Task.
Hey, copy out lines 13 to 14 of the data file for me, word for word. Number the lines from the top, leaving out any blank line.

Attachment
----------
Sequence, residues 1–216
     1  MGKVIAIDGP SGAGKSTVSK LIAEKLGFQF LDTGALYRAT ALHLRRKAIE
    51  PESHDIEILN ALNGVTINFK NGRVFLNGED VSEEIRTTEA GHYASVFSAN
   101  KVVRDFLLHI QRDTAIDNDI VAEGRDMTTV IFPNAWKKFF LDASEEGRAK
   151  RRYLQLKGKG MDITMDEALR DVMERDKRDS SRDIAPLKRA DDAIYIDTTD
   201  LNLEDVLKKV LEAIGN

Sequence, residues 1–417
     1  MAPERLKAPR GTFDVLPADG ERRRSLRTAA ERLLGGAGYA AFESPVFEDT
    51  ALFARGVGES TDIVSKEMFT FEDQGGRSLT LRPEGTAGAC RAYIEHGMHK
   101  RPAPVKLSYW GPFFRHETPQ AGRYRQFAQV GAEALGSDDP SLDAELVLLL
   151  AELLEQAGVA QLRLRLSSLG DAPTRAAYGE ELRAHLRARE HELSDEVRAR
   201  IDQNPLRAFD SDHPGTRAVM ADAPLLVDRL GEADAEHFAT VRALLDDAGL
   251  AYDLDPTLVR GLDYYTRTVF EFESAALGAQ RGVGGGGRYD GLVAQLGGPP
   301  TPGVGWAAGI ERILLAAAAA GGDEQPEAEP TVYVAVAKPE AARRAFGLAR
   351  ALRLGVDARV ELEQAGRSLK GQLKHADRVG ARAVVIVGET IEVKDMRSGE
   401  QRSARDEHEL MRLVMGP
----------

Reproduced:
   251  AYDLDPTLVR GLDYYTRTVF EFESAALGAQ RGVGGGGRYD GLVAQLGGPP
   301  TPGVGWAAGI ERILLAAAAA GGDEQPEAEP TVYVAVAKPE AARRAFGLAR